As another example, it is worth examining what an invalid argument looks like:
Dave owns a microphone. Singers own microphones. Therefore Dave must be a singer.
In this example, the argument is invalid because the premisses do not fit together logically with the conclusion. In other words, both premisses might be true and the conclusion could still be false. Just because Dave owns a microphone (as the first premise observes), it does not mean he is necessarily a singer. He might be a singer, but we cannot tell for sure simply from the content of this argument. If, however, the premise were to assert that “only singers” own microphones, then Dave, being a microphone-owner, would necessarily be a singer (thus the argument would be valid).
Again, the point is to look for logical relationships between the various statements which make up the argument. You need to be sure your arguments are both valid and sound; that they are logically constructed and do not contain false premisses.
A “fallacy” is a fancy word used by philosophers to denote a mistaken belief: in particular one based on unsound arguments. Fallacy is the enemy of good argumentation and needs to be guarded against. Philosophers have categorised a great variety of such fallacies, but space allows us only to examine a few. For example, the ad hominem (“to the man”) argument: this is where you attack the person delivering an idea as opposed to the idea itself. For instance, if we were to say the Chancellors Tax Credit scheme will not work because the Chancellor is a liar, we would be falling foul of the ad hominem fallacy. Another common fallacy is the “Argument from Authority”, where one bases one's truth claim on the status of the claimant (instead of the soundness of their argument). So, to suggest that “something is true because the Government says it is, and the Government would not lie” is an example of this fallacy. As we know Governments can, have and do lie all the time and about a good many things.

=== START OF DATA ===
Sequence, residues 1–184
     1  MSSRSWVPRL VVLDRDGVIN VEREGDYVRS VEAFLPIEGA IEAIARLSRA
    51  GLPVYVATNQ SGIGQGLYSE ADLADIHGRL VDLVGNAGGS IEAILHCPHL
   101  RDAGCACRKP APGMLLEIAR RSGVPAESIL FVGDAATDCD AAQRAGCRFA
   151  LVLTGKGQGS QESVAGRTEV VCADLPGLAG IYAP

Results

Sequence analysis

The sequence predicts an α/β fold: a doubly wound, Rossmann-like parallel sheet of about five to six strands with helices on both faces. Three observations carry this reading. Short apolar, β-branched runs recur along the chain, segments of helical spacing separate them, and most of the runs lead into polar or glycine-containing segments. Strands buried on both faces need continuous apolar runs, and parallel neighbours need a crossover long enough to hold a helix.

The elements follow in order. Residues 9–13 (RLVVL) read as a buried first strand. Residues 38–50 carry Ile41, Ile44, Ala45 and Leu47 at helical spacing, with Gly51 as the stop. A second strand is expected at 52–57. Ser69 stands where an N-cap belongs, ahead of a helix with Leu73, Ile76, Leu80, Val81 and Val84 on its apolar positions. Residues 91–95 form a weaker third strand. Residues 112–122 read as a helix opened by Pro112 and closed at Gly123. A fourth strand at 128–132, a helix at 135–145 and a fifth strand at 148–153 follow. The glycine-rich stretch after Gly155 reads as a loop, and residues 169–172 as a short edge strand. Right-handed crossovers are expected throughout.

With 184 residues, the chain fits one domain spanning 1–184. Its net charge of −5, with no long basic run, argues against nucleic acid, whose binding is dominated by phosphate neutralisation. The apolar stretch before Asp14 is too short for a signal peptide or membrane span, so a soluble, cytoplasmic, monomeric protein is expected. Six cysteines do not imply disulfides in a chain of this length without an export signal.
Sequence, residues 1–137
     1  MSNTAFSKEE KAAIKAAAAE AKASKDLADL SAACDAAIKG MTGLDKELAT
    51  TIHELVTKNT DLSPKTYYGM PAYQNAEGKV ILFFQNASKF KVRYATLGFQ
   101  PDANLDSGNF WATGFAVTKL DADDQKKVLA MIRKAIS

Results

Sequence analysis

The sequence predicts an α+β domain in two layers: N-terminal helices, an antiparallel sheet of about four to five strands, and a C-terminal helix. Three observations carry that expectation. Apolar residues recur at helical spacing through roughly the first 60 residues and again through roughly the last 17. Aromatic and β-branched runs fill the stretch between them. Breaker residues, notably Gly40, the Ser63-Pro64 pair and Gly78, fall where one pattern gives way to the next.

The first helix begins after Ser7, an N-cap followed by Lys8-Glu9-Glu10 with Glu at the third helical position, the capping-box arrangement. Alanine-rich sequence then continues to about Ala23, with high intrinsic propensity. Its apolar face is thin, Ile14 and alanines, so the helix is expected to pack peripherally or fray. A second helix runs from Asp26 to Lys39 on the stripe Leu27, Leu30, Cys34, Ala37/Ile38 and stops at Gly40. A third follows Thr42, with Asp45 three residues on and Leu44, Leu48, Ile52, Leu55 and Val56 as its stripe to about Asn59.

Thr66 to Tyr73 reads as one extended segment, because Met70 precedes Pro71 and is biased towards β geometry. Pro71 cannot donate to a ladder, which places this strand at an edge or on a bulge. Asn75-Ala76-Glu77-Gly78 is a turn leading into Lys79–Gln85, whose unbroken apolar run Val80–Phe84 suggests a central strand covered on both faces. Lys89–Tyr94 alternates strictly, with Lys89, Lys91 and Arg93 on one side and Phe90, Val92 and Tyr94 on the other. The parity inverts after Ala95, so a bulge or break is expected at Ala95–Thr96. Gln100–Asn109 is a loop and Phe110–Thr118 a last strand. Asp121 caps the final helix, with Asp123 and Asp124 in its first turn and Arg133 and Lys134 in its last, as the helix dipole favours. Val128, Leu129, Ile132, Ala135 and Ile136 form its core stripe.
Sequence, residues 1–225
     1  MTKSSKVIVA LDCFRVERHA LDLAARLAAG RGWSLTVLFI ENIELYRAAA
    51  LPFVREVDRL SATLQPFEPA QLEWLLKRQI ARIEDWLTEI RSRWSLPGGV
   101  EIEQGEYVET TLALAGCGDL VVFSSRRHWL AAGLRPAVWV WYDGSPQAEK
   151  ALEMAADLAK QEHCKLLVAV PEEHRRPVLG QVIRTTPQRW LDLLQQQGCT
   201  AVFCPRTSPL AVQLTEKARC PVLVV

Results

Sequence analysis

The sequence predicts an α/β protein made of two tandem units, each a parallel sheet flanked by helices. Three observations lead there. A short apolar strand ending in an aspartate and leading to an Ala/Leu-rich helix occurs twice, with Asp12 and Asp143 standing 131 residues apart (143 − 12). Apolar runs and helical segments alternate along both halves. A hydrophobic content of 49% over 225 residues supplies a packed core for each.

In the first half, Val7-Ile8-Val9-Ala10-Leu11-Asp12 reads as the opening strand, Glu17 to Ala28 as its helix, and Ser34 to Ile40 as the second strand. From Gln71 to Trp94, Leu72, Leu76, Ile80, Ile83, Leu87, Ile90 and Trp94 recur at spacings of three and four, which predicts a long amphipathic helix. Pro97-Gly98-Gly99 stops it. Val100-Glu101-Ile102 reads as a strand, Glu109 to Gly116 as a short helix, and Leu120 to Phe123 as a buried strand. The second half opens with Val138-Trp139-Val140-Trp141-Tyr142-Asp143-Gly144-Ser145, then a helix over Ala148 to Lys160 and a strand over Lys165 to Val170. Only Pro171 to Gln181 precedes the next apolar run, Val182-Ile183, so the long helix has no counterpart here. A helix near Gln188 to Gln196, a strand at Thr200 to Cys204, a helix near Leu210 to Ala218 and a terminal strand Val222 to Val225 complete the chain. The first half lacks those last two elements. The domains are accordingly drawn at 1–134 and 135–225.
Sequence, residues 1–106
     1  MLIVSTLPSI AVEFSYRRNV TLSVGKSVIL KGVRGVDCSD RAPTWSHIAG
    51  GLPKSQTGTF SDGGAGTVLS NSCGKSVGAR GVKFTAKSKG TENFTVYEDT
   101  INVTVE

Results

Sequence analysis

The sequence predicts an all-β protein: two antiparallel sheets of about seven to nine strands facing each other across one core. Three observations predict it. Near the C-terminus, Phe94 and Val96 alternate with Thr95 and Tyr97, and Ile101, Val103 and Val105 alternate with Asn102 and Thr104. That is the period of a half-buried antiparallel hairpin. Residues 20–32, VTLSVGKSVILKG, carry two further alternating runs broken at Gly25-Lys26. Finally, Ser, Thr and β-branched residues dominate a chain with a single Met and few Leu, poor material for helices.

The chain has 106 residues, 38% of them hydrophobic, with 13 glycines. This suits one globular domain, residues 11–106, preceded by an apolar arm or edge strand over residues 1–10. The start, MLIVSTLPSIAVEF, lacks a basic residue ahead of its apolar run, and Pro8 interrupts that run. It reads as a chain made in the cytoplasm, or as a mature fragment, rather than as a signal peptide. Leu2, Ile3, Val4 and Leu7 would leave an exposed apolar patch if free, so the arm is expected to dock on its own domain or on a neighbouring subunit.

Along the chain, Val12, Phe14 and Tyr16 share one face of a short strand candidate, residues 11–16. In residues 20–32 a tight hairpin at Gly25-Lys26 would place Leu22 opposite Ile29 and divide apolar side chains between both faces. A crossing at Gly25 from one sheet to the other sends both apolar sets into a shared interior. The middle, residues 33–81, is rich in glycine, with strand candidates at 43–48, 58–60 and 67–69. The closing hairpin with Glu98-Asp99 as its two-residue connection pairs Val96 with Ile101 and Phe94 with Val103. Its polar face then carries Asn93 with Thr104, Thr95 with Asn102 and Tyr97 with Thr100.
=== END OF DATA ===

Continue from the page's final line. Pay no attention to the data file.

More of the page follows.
These are only two examples. An exhaustive list of fallacies can be found by following this link (http://www.logicalfallacies.info/). You do not need to memorise the list; but it is useful to be at least broadly aware of what fallacious reasoning is and how it functions.
When writing an essay, constructing a persuasive argument is indispensable to success. Good argument, as we have seen, is largely the result of following certain formulae. In many ways, making a sound argument is a paint-by-numbers kind of endeavour. You simply need to ensure that the premisses are true and that they connect logically to each other and the conclusion. Hence there is a highly systematic dimension to making an argument. Once you have mastered this method of organising information, you will be able to apply to just about any topic or phenomena you desire.
When making an argument, do so overtly. State in your essay what your premisses are, how they relate, and what this leads you to conclude (and why). In other words, bring the reader along on your thought process. This will position them on you vantage point, making them more likely to be convinced by you argument – which of course is the primary objective. If you follow the basic principles of argumentation set out above, then your reasoning will be water tight. This will make it very difficult to disagree with you position.